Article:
Ah the bliss of waking up this morning, feeling all clean and cosy, in fresh jammies and clean sheets, snug and warm with snow outside and the knowledge that it’s seven o’clock so I don’t have to get up for another hour. And when I do, and I walk through to the kitchen, it will also be clean, and there will be water enough to fill the coffee machine (taps working or not – I has twenty-five litres stored now!) and life is just utterly Splendid.
Yeah, okay, so the water was off for twenty-four whole hours, which isn’t exactly the end of the world, but it was enough to make me vastly more grateful than usual for it Not being off. It has also made me rather uncomfortably aware of the gaping hole in my provision for large-scale disasters. [Would that be the one where you live in the largest conurbation in Scotland? – Ed].
I spent an hour enjoying the silence and dozing daydreaming about having a cute bloke sharing the bed, but eventually he started saying things like, Why don’t you get cracking on chapter three of the engineering module while I make coffee and pancakes, which we can eat together while watching the snow fall? and I realised it was time to give him some rather more Realistic dialogue. Which, based on an aggregate of previous boyfriends, would statistically consist of, Where’s breakfast? No, I want something fried. Don’t tell me you don’t have anything in, I only came over last night because my fridge is empty. Don’t you have any good underwear? You don’t spend a lot on clothes, do you? Did anyone ever tell you, you look terrible in the morning? …Oh so what did I say now?
The imaginary ones are not just more polite, they are so much easier to get rid of! All you have to do is open your eyes…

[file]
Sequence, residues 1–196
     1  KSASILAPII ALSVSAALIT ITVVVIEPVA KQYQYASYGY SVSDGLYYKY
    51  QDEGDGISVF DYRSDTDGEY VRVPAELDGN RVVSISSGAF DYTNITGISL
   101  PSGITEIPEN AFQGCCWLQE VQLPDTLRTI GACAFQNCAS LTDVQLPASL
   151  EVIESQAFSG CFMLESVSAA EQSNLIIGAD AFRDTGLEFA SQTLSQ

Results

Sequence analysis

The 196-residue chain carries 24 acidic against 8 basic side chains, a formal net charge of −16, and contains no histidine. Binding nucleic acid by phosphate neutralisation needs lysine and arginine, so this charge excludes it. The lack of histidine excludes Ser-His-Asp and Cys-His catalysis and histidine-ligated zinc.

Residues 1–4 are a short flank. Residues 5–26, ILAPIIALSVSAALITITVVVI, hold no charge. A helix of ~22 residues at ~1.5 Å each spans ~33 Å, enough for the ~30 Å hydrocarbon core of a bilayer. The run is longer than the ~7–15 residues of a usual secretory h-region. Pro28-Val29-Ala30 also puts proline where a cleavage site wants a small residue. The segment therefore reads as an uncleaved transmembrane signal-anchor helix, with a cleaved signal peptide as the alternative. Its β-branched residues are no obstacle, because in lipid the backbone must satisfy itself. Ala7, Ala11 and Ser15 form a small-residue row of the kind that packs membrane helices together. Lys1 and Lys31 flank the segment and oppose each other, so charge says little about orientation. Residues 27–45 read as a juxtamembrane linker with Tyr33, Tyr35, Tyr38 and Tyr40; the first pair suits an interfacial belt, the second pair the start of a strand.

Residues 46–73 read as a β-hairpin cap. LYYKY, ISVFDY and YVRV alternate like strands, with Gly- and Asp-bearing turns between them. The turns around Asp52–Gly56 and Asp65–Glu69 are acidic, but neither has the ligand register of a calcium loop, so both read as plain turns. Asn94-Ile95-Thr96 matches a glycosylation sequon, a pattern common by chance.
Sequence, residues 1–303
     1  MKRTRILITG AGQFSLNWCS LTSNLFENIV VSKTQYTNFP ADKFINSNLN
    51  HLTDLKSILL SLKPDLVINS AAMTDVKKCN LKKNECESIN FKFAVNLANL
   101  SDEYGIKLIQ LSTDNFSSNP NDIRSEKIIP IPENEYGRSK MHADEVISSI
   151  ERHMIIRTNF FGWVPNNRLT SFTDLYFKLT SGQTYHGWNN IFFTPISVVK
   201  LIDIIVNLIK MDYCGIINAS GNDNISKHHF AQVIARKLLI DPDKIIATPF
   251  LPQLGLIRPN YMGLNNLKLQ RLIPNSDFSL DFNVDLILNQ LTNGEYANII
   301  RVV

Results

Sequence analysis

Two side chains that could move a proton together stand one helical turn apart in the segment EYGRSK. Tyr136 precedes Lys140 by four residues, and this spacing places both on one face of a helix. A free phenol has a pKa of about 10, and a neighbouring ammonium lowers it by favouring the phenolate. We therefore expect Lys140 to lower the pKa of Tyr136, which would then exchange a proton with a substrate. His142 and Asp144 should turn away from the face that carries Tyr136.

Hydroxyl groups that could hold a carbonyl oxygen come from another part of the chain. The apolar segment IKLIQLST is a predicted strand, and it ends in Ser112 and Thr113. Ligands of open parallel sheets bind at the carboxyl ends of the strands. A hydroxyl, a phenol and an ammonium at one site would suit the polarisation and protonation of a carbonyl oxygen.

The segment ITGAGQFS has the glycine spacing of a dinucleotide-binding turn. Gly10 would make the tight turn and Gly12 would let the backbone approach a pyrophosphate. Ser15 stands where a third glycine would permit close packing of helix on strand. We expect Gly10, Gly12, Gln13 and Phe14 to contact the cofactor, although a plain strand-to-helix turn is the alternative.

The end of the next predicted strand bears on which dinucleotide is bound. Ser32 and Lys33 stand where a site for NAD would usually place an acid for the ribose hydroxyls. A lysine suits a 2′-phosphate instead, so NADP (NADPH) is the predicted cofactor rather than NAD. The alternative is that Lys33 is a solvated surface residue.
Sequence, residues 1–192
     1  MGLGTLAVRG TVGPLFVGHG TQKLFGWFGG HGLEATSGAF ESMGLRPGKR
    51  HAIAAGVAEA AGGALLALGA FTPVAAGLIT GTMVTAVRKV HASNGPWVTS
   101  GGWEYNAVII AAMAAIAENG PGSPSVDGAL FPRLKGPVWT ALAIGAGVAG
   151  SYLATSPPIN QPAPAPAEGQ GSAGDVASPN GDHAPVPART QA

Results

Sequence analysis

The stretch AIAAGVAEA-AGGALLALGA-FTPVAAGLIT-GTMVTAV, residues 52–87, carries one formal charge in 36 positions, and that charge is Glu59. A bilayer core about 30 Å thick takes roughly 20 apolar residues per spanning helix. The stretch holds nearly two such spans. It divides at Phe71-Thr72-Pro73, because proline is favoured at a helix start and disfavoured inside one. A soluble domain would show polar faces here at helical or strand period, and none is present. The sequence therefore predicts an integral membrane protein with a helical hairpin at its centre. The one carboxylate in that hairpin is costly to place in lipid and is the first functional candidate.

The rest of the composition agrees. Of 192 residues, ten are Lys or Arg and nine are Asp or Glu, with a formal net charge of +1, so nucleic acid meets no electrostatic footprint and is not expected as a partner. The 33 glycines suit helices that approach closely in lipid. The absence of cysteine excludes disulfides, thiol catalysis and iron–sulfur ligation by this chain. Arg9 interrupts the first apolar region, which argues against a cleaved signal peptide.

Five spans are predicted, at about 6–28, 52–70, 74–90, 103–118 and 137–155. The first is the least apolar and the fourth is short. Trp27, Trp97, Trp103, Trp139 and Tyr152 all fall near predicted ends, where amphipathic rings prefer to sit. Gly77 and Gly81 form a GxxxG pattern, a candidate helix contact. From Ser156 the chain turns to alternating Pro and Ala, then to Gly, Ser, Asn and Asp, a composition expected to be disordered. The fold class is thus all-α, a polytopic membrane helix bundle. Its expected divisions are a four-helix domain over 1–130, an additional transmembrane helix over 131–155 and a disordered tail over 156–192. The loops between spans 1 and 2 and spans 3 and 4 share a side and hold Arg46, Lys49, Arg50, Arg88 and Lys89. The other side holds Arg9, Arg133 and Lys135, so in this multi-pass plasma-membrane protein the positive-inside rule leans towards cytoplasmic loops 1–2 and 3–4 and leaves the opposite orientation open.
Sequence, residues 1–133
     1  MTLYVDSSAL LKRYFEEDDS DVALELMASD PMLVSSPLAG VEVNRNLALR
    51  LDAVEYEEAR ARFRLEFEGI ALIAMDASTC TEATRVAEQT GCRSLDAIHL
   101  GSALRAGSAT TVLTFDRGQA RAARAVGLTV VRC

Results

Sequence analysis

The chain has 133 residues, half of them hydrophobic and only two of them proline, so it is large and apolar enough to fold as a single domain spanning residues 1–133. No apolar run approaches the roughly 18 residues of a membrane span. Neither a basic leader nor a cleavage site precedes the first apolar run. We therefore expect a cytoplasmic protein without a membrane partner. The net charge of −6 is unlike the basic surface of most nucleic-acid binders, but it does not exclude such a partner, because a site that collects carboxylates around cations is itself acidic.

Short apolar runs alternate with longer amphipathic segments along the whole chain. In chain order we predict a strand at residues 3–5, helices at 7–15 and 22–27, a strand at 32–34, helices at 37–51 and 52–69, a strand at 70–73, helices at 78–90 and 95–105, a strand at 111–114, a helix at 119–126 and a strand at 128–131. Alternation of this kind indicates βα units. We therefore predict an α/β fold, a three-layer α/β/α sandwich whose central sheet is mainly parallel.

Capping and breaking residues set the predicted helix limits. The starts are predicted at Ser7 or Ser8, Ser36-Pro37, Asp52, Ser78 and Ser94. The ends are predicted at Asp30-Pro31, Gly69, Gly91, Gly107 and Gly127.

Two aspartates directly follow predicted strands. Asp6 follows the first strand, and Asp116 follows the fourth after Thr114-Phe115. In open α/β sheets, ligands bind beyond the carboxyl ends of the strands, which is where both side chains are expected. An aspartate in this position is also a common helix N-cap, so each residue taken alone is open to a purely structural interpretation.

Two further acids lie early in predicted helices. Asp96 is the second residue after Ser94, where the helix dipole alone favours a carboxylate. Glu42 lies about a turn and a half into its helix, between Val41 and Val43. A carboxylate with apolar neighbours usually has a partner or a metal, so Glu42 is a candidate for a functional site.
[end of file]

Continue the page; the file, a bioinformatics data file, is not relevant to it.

Also, the figment of my imagination was right, it was indeed time to get up and get cracking on chapter three. Right, here we go: finding ‘second moment’ of area of a cross-section of a beam. For reasons I sure hope will become clear later on.
And so passed a very pleasant morning, as the snowfall went from a few gentle flakes to a big flurry that nearly blocked out my view of the park (I am still amazed by how much warmer the south side of the flat is! Two years, I’ve been keeping so much to my room, which is on the north side of course, that I never even noticed!)
Then I thought, maybe I should go do another good deed for the neighbours, and did I not promise my Colleague of Cakes I’d nip into Homebase and see if they had white soap dishes? They did. They also had cheap shovels, which was odd, I thought they’d be utterly sold out. But there it was, I have a shovel; so now I have to shovel snow with it.
It was not too bad – not like last year, where we only tried to make a path once the whole place had already turned into an icerink, so we had to batter the ice apart with the thin edges of the shovels and depressingly slow going it was too. And my arms vibrated for hours afterwards. This time, I just shoved it all out the way, and a lassie came out from the next block and made a path that linked up with mine, and we salted them and stood back to admire our work… and realised we could barely see it because the snow was back on and falling thick enough to curtain off the world. Balls.